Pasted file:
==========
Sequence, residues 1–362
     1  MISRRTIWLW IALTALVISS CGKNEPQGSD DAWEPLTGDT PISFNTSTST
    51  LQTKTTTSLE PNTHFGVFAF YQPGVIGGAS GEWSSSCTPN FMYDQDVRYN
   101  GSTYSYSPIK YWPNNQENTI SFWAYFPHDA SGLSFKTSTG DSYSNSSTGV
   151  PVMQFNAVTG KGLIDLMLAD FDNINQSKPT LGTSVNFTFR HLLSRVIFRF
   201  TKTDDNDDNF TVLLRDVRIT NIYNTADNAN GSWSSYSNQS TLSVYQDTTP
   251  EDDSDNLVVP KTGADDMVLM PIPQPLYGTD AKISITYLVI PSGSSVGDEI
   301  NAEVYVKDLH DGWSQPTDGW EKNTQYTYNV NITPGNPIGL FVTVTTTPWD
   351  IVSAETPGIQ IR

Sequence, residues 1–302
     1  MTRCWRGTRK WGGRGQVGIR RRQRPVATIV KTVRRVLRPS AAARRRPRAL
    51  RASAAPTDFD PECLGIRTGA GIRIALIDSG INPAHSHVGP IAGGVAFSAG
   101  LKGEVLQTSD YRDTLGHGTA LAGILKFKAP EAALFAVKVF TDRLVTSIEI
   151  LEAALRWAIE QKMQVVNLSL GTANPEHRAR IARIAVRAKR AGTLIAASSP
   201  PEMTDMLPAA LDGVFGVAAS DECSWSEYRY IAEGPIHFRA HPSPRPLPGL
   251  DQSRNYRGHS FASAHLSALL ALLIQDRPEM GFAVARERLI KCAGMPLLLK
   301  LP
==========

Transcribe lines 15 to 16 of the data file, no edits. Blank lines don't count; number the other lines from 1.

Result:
   201  PEMTDMLPAA LDGVFGVAAS DECSWSEYRY IAEGPIHFRA HPSPRPLPGL
   251  DQSRNYRGHS FASAHLSALL ALLIQDRPEM GFAVARERLI KCAGMPLLLK